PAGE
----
Relocating Children a Hard Road for All
For family law purposes, relocation means moving with your children to another town, state or country or even within the same large city.
Relocation cases are notoriously difficult because they generally involve parents who have separated with uncompromising and conflicting proposals about where and with whom children should live.
These cases rarely settle and so usually result in a Court making a determination whether or not relocation will be permitted.
The basic rule is that if moving is going to limit the time your children spend with the other parent, then you need that parent's consent to relocate. Without that, you need to apply to the Court for permission.
If consent is not given by either the non-residential parent or the Court and the other parent relocates the children unilaterally, then a Court can order the children’s return.
So to reduce unnecessary disruption to children’s lives, relocation should be negotiated by the parents or determined by the Court before a proposed relocation proceeds.
Whilst complex, relocations cases are dealt with in the same way as other parenting disputes. The Court’s considerations may include the reduced time the children will spend with the non-resident parent, travel time and possible accommodation costs, the non-resident parent’s ability to be involved in the children's schooling and extracurricular activities, separation of the children’s extended family and friends and views expressed by the children.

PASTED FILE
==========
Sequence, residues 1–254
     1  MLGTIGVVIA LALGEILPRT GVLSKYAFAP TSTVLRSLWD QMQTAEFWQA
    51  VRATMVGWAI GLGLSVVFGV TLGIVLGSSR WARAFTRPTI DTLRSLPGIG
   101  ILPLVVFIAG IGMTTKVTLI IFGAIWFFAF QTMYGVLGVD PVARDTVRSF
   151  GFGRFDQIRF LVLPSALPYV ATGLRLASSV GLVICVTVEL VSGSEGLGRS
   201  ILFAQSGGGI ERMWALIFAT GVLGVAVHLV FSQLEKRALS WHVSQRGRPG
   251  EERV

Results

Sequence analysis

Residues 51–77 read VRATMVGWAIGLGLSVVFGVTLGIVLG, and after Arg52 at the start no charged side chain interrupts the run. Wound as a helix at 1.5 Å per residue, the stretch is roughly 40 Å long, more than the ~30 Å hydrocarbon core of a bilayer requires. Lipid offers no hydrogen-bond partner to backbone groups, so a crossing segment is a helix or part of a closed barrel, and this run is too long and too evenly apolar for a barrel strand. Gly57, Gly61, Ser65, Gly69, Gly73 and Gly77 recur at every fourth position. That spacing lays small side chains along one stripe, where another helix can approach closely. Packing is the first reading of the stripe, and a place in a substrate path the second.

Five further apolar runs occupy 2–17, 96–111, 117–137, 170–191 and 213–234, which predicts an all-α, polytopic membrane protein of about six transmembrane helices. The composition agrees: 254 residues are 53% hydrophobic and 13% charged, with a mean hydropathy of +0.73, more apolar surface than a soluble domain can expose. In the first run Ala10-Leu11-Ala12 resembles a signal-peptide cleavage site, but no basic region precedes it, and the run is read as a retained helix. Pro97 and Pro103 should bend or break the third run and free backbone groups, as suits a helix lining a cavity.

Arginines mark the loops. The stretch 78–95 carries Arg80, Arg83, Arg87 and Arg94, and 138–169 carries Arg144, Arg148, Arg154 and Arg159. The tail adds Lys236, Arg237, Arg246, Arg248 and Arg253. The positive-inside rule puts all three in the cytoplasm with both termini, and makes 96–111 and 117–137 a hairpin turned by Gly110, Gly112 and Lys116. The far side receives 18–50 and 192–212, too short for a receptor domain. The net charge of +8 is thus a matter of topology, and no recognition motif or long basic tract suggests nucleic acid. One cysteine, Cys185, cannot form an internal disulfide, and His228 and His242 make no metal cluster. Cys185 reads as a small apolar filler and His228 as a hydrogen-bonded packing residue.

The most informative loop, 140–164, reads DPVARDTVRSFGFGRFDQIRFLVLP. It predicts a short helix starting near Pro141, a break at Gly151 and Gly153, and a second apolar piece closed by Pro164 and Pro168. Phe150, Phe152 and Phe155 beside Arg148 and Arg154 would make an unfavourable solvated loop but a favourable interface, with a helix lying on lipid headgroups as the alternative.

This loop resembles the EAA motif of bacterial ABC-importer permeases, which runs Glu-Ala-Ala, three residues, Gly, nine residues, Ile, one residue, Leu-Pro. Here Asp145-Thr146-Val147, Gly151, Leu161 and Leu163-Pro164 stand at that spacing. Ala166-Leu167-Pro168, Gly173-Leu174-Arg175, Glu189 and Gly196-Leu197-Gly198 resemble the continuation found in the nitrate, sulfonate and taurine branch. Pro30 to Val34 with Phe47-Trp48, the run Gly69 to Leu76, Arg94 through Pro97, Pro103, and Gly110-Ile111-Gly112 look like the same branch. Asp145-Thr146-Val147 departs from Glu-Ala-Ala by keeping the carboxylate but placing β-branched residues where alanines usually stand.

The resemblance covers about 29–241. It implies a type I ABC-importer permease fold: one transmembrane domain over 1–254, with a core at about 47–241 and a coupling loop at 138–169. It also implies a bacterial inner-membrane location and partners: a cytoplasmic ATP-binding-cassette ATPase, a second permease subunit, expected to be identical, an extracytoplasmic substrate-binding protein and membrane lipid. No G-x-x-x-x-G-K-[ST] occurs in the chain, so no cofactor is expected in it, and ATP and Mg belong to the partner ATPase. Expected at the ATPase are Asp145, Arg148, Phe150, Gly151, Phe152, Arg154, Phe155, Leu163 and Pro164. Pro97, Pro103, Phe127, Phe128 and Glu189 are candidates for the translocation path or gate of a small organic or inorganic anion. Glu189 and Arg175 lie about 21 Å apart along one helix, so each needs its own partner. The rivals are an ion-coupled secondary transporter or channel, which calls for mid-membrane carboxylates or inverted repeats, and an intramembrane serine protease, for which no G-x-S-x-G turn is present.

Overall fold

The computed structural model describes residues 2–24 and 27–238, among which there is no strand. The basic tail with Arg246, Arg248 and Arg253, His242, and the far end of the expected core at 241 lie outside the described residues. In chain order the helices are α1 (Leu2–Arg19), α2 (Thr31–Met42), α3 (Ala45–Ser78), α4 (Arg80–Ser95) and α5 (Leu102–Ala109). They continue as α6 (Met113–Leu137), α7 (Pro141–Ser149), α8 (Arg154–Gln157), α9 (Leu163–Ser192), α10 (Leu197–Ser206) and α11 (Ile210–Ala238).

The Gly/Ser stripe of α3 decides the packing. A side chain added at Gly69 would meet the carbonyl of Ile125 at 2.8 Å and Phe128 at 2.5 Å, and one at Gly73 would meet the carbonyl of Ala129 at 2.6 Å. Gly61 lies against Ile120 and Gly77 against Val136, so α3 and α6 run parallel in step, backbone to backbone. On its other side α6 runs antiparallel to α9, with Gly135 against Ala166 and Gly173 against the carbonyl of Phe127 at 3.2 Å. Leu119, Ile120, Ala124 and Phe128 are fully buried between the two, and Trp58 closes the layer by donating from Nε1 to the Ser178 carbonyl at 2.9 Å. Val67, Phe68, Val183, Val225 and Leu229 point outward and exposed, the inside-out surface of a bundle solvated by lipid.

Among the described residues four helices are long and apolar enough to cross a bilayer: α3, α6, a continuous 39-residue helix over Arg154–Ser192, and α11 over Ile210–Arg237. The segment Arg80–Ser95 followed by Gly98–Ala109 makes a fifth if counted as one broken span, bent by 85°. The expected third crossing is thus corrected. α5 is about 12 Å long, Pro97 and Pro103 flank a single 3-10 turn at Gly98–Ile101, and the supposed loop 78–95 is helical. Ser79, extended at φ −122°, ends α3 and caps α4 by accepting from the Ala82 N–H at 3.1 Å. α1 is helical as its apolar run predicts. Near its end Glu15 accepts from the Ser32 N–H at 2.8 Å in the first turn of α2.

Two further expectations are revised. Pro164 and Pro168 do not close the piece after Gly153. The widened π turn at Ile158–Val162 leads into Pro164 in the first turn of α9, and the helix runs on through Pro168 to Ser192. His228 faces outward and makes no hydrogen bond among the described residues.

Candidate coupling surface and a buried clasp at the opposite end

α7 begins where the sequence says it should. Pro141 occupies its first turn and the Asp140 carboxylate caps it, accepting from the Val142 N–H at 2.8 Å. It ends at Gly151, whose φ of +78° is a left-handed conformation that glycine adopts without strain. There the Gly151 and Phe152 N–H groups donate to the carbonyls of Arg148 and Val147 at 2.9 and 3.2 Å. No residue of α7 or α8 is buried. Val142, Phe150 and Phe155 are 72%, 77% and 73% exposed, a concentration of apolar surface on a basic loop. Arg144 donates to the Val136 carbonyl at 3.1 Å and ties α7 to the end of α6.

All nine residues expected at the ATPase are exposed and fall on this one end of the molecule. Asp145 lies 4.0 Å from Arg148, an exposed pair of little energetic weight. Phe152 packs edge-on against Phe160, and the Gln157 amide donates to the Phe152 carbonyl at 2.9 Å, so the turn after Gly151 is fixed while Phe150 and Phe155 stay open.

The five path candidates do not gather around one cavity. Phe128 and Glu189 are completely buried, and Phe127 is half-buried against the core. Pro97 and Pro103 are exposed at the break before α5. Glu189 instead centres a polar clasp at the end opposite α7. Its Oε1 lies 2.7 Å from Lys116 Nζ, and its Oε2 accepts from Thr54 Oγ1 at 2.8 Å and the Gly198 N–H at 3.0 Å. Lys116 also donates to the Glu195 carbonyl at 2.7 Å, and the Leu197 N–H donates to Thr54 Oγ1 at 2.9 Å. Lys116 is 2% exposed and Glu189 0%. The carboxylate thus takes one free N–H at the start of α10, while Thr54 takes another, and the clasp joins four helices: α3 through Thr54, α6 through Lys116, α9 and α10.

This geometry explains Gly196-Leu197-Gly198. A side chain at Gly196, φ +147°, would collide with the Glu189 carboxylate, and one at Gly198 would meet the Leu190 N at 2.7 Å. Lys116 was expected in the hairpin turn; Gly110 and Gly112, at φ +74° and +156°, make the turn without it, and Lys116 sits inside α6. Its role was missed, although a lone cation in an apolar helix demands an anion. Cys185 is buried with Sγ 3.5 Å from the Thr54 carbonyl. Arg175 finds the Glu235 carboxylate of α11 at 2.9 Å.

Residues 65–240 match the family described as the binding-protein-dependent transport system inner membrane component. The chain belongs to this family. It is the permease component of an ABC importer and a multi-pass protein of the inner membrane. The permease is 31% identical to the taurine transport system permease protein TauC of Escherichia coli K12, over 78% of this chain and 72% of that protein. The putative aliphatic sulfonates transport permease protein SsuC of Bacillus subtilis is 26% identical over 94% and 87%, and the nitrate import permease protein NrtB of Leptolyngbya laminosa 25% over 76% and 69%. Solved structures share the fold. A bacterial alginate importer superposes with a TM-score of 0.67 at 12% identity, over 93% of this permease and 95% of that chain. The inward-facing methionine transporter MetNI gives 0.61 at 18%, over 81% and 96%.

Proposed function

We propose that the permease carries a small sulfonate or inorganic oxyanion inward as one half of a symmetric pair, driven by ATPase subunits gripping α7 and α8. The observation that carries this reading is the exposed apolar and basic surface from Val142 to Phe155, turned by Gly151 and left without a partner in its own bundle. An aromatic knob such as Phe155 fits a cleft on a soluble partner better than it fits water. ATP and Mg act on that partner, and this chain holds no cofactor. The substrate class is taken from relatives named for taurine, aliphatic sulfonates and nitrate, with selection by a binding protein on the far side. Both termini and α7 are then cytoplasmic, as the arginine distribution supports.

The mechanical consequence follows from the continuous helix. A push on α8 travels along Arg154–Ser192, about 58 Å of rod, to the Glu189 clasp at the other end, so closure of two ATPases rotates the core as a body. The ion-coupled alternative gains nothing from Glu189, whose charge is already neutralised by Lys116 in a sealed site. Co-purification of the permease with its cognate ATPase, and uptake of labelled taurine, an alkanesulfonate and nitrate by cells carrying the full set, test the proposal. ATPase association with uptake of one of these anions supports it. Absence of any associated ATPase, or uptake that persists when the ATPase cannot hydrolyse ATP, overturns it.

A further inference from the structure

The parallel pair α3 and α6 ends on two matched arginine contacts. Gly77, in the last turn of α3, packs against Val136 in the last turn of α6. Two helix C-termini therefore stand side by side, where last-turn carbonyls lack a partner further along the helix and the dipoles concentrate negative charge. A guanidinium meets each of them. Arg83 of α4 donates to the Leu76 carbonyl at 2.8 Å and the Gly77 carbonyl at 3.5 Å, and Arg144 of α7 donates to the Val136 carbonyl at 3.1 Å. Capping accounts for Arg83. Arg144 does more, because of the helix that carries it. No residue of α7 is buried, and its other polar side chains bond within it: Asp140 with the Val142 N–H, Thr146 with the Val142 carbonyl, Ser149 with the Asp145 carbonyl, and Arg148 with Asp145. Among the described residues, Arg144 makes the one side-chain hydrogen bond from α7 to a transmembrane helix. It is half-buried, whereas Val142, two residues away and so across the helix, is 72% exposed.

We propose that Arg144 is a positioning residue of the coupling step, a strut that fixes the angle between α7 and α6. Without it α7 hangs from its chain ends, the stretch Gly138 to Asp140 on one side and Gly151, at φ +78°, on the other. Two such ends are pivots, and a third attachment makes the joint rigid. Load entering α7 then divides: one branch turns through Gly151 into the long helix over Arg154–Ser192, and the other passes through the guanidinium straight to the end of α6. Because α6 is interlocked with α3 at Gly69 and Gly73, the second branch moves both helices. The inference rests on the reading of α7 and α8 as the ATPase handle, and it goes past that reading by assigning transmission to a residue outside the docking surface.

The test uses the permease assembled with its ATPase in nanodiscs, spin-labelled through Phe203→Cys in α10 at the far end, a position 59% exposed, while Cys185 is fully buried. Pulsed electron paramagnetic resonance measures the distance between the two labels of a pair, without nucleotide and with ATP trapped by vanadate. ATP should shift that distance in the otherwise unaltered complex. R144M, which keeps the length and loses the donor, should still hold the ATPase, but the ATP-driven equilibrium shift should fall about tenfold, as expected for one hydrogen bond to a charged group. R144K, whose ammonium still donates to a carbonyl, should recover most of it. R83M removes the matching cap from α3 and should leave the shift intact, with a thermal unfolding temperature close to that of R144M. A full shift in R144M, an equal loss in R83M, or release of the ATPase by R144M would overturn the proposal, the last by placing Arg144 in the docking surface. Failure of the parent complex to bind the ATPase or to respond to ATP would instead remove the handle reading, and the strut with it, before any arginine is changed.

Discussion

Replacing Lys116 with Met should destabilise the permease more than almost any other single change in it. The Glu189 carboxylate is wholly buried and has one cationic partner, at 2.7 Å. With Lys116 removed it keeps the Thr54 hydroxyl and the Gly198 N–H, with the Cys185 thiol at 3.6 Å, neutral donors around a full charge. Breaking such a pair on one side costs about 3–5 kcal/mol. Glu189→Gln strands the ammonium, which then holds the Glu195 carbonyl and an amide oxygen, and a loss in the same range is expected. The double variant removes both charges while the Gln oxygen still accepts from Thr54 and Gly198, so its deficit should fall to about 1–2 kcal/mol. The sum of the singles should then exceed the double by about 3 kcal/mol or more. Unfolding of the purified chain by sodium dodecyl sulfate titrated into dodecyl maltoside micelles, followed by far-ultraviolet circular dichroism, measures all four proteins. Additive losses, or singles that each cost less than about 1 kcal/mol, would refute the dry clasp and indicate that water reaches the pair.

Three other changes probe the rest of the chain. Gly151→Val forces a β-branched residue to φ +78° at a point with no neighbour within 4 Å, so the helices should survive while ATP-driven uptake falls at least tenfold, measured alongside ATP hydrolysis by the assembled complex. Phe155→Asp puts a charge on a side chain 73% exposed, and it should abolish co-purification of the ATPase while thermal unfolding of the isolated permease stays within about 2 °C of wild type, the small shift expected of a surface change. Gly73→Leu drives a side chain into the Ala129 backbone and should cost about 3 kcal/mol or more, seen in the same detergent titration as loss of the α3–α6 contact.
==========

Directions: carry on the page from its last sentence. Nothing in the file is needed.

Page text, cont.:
Another consideration for the Court is the reason for the parent wanting to relocate with the children, such as it being financially, professionally or academically advantageous, to be closer to family support, to cohabitate with a new spouse or to return "home" after being unable to settle in another location.
There is no special rule that determines whether a relocation will be permitted or how far a parent is entitled to relocate. Rather, each case is determined on its merits, with the children's best interests the Court’s primary consideration.
Often parents find it hard to accept that their freedom of movement can be restricted by a Court, but that is one outcome of a relocation application and the reality is that there generally will only be one happy parent and one unhappy parent after a relocation determination.
Have you separated or divorced and going through a similar circumstance with your children? You can contact us. We'll be able to help you via a quick phone call, ask us a question via email or even chatting with you online.